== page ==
Scientists at Amrita Centre for Nanosciences and Molecular Medicine (ACNSMM), Amrita Vishwa Vidyapeetham, Kochi, have developed a remarkable simulation of bone marrow, using synthetic biocompatible polymeric materials. They proved that leukemic cells integrated into this synthetic bone marrow avoided drug treatment in much the same way that they do in a real bone marrow. Dr. Krishnakumar Menon, Associate Professor, ACNS, Kochi, and Dr. Ullas Mony, Assistant Professor, ACNS, Kochi, now plan for their research groups to use this bone marrow in a dish to develop a drug testing bed for leukemia drugs. The work was published in International Journal of Nanomedicine doi: 10.2147/IJN.S80397. E-Collection (Nair M.S. et al.)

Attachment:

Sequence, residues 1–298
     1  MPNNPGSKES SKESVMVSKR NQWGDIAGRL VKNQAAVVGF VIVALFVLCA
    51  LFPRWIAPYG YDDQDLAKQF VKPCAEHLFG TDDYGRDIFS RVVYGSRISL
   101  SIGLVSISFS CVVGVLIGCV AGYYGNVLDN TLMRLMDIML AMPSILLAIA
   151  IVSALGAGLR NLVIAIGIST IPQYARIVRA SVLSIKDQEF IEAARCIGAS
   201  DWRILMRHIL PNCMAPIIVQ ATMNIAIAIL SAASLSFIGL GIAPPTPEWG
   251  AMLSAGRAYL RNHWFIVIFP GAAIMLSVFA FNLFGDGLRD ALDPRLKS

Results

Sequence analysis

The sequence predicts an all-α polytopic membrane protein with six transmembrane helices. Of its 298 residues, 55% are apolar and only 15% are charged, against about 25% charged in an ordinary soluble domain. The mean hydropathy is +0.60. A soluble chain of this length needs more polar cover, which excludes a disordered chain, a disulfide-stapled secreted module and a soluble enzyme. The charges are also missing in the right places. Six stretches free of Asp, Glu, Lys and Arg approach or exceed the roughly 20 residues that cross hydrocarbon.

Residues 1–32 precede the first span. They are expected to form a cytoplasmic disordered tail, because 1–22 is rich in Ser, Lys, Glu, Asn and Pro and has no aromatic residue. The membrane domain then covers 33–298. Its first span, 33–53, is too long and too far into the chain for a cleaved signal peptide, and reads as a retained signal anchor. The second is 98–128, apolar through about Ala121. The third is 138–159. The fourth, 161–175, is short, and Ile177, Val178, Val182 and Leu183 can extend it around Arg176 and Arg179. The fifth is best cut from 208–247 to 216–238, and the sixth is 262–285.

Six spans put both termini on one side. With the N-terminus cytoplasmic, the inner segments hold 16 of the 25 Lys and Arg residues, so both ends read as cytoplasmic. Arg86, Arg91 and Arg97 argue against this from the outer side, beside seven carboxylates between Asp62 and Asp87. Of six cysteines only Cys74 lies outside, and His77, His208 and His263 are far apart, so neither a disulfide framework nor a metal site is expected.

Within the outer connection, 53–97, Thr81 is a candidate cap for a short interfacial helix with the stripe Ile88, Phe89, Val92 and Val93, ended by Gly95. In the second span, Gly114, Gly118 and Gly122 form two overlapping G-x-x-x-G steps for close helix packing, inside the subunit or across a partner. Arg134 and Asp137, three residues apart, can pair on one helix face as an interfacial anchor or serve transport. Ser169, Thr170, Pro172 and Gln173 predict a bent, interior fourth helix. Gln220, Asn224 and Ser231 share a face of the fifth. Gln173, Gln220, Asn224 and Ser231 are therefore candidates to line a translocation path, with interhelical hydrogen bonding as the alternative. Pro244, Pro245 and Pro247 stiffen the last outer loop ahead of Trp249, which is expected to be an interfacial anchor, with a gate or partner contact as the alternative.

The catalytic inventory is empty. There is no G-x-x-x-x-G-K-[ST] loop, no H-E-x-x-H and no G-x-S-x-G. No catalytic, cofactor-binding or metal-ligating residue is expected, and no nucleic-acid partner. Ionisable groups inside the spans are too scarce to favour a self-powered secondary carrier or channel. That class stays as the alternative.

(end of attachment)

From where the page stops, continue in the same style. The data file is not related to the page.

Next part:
Bone marrow is one of the most complex factories in the human system, sustaining life through maintenance of stem cells, and production of many critical factors needed for survival. However, it turns out that cancer originates from what are known as cancer stem cells, which uses this very same ecosystem to hide and survive. Recreating this complex ecosystem in the lab poses enormous challenges, but any success could have large implications for health and even for the treatment of blood cancers.